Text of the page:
After some searching, two black bear cubs, rescued by Brookings logger Dave Hodges, have found a home at Wildlife Images in Grants Pass.

Sara Corzine, Hodges sister, delivered the bears to the facility Monday, the same day it was discovered the wild animal rescue center would take them.

Hodges had been told by Oregon Department of Fish and Wildlife to leave the bears where they were found, near Brookings, Corzine said.

The tree the mother and cubs were in was cut down, causing the mother bear to run off, she said. After three days the mother had not returned, so Hodges brought the bears home.

Daisy Schubert, a receptionist and member of the educational team at Wildlife Images, said the bears are about three weeks out of the den, which means they are about 2 months old.

Bear cubs spend the first four or five weeks in the den, she said. The cubs are starting to crawl and getting feisty, Schubert said.

Hodges did the right thing by contacting Wildlife Images and notifying Oregon Department of Fish and Wildlife, she said.

People who come across abandoned wildlife should contact the center immediately, she said.

Call the minute you find something.

The bears were cared for by Hodges for about a week, Corzine said.

At the center they will be fed a special milk replacement along with Pedialite, Schubert said. They wont be on solid food for sometime. The dont have teeth yet.

The cubs will stay in the custody of Wildlife Images for two years and then be released back into the wild in the Brookings area, she said.

(Oregon Department of Fish and Wildlife) will transport the bears back up and release them, Schubert said.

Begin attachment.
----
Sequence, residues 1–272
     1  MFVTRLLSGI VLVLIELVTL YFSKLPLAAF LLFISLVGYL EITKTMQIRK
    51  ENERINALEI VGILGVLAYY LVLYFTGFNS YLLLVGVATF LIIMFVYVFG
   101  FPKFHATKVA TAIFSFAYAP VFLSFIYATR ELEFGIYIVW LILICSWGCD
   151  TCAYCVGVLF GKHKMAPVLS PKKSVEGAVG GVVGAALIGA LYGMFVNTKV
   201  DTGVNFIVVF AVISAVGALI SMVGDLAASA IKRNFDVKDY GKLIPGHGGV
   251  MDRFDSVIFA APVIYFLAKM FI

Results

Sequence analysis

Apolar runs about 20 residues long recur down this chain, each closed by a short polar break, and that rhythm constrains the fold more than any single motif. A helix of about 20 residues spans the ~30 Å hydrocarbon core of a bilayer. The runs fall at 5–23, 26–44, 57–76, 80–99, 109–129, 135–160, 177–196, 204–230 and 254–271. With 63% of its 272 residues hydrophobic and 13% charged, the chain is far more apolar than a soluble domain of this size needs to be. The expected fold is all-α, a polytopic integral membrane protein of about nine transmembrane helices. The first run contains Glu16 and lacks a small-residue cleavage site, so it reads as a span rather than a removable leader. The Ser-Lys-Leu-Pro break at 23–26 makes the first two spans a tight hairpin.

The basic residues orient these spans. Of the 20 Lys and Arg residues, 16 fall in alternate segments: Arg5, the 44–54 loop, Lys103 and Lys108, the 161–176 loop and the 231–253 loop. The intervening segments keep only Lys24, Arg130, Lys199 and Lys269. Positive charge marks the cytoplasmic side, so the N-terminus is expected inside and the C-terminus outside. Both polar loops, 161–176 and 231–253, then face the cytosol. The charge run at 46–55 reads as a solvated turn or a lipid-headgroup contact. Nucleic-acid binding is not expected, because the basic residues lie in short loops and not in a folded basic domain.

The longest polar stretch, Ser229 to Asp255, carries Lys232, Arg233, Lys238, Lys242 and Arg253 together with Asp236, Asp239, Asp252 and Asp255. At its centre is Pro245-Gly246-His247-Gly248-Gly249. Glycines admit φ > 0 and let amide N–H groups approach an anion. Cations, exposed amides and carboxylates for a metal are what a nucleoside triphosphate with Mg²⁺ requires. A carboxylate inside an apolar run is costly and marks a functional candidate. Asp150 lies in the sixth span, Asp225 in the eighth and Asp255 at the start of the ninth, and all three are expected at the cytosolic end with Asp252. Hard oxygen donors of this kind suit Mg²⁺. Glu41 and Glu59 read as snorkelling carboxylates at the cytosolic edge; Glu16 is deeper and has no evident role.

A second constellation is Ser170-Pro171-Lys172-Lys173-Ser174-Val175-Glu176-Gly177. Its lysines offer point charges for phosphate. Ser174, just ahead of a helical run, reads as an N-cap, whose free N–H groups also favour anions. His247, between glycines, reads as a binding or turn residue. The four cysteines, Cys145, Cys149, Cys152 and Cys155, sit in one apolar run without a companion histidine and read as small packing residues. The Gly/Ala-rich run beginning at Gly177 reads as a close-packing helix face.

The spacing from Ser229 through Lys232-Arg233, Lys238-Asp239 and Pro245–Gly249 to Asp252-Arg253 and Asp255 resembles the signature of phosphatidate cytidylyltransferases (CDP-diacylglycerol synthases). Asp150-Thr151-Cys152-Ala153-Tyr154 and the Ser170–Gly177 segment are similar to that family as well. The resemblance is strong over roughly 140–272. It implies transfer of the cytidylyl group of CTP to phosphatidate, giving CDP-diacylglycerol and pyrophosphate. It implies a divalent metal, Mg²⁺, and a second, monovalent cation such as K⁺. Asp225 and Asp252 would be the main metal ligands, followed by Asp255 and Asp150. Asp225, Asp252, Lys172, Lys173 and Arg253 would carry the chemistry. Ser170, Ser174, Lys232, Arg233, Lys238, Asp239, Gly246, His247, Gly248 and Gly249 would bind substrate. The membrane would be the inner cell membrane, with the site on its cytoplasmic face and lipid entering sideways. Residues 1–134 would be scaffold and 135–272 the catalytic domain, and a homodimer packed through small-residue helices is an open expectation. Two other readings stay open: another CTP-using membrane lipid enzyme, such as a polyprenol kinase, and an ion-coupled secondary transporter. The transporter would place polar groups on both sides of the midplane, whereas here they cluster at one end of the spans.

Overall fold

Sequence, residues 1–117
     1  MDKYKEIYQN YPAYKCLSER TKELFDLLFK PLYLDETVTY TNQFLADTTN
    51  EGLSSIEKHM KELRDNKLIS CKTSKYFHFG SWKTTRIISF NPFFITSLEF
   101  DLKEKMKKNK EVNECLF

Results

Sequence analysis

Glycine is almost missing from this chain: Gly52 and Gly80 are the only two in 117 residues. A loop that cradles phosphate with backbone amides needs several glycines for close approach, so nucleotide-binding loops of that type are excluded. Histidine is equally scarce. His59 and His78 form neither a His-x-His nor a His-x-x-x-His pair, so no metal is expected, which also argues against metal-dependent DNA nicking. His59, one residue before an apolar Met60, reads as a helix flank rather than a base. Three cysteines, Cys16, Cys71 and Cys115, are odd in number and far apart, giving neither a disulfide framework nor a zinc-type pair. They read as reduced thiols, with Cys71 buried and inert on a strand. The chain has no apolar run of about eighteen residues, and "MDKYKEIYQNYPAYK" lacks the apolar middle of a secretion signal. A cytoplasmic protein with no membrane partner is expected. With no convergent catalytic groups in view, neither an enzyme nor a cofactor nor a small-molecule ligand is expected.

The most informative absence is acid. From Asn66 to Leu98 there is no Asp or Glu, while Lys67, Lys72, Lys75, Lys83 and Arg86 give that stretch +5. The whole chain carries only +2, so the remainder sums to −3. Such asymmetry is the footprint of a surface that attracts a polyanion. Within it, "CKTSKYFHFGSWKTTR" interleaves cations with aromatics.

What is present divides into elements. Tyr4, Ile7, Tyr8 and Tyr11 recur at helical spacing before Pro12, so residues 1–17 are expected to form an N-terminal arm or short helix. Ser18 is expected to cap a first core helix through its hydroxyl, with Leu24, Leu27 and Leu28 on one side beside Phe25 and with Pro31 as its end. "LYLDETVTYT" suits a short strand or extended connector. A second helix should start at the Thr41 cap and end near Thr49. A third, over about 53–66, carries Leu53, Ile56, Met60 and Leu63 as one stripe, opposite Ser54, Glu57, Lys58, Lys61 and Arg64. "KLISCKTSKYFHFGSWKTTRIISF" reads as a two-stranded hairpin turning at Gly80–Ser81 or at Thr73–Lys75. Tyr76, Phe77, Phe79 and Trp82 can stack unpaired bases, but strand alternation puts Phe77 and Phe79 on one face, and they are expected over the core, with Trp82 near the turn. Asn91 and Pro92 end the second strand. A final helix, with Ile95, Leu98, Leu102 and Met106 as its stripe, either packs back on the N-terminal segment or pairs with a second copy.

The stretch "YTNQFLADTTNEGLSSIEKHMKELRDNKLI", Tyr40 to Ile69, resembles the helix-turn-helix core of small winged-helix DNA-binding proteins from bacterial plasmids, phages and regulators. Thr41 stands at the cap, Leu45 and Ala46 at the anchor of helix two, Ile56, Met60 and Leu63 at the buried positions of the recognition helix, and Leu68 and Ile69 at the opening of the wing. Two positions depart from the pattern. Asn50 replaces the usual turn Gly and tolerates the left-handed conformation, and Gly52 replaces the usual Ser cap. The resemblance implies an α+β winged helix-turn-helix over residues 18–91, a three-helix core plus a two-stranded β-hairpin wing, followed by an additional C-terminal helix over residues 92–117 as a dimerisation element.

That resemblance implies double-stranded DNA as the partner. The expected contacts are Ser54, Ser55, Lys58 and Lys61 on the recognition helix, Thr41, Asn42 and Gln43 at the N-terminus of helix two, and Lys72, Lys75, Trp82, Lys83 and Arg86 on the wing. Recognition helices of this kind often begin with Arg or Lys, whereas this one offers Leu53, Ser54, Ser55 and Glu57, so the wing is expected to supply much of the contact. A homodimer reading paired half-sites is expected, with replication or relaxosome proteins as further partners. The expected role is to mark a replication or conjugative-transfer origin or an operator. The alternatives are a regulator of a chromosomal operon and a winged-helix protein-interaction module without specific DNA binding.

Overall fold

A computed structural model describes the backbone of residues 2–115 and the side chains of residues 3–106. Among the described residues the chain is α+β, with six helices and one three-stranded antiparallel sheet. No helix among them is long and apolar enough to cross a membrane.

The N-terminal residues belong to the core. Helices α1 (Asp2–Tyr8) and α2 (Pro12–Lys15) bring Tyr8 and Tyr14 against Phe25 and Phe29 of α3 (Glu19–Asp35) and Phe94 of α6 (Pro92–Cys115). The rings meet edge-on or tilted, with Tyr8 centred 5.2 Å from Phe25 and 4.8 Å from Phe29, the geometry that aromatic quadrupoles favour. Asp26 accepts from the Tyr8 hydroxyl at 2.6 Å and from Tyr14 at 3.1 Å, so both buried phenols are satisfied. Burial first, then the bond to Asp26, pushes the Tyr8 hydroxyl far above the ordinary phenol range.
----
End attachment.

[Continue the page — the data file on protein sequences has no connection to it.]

Wildlife Images offers tours of its facility, but people wont be able to see the cubs, Schubert said. They are kept away from humans so they wont get attached to humans.

We wont even name them, she said.

The bears will be hand fed for six months, she said.

Right now they require 24-hour-a-day care, she said. Theyre feed every couple of hours. We try to keep it exactly the same as the momma bear would do.

By the time they are released they wont remember the human contact, she said. We just released some bears at Mount Hood we had for two years.

Black bears, the only bear that lives in Oregon, are generally born in pairs or there are three, she said. Very rarely is there just one.

The cubs are in good health, Schubert said.

They dont need any medical care. They just have to get used to not having the mothers milk, she said.

The bears had bad diarrhea but were not dehydrated, she said. They are really, really healthy.

Most people dont know about Wildlife Images because its nonprofit and doesnt advertise, Schubert said.

We probably take in 1,000 to 2,000 animals each year from all over Oregon, she said.

The center has cougars, bobcats, lynx, 19 bears, otters, beavers, birds of prey and even song birds, Schubert said.

If its wild, will take it in,she said.

People may contact Wildlife Images by calling (541) 476-0222 or may find on the Internet at

The cubs enjoyed a short celebrity status Monday when Doug Hodges, Daves nephew, took them to visit children at Lisa Harpers Choices for Children Preschool and Daycare.